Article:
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Boosters for those with weak immune systems backed by UK study
Covid-19

Boosters for those with weak immune systems backed by UK study

25.08.2021
Some doctors have pointed to a lack of evidence that extra doses increase protection significantly
A healthcare worker prepares a Covid-19 vaccine
A healthcare worker prepares a Covid-19 vaccine
Photo credit: AFP

Immunocompromised patients had weaker immune responses after two doses of Covid vaccine than the general population, according to a UK study that supports the case for booster shots for vulnerable people. 

About 40% of 600 people with conditions like cancer and arthritis, whose treatments can interfere with immunity, had insufficient responses to standard vaccine regimens, according to the study published Tuesday in preprint form by the The Lancet medical journal. 

Countries including the US have begun rolling out third shots for people whose immune systems are weakened either by disease or immune-blunting therapies. The US also released plans last week to give extra shots to people who’ve already received full immunisations, a notion opposed by some humanitarian and global health groups, including the World Health Organization, citing the lack of supply for many poor countries.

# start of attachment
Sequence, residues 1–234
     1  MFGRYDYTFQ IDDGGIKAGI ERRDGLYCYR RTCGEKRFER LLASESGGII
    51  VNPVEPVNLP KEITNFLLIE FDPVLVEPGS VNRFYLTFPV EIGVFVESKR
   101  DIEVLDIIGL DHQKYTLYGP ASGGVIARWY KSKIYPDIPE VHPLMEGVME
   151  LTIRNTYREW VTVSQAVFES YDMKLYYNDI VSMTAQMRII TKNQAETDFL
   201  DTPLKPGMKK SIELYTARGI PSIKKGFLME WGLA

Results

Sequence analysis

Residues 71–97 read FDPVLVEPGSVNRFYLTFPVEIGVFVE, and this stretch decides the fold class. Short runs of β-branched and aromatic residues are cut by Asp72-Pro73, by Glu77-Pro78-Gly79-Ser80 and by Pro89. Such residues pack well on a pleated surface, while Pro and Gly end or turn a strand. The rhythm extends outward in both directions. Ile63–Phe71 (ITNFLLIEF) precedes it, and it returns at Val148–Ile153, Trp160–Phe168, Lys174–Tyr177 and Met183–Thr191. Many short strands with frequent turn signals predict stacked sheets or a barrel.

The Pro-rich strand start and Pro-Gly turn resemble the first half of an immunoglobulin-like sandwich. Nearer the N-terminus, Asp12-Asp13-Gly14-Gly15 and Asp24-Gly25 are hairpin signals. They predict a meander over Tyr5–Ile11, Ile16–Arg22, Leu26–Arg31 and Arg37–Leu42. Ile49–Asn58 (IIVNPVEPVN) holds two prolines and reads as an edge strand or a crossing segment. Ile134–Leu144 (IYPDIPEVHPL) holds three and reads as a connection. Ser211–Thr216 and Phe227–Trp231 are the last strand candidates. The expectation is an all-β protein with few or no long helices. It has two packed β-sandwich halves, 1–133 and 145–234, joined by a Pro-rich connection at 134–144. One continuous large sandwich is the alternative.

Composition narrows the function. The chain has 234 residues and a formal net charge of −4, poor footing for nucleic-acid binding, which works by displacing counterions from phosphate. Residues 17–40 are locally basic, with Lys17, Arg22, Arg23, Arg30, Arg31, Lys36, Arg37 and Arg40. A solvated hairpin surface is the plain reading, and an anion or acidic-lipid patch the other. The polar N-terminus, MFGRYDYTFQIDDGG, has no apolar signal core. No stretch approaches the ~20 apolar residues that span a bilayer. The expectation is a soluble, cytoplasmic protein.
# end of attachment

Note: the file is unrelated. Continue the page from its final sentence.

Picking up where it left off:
Some doctors and observers have pointed to a lack of evidence that extra doses increase protection significantly. But US regulators have already cleared third doses for people with severely compromised immune systems. 

The US Food and Drug Administration and vaccine advisers to the Centres for Disease Control and Prevention are now considering the safety and effectiveness of third doses for the general population. The CDC’s Advisory Committee on Immunization Practices has scheduled a two-day meeting starting on Monday where booster shots will be discussed. 

The findings of the UK study, called Octave, don’t give solid answers about Covid vaccines’ effectiveness in protecting immuncompromised patients, the authors said. “There is no agreed clinical cut off to measure Covid-19 vaccination response,” they said. 

However, the results indicate that even partial protection from Covid-19 “may be clinically beneficial” said Iain McInnes, head of the College of Medical, Veterinary and Life Sciences at University of Glasgow, and leader of the study. 

The study, conducted by researchers drawn from various UK universities looked across a number of patient groups at responses to standard vaccinations. Patients being treated for vasculitis, an inflammation of the blood vessels, had the lowest level of antibody response, the study said.   

©2021 Bloomberg L.P.


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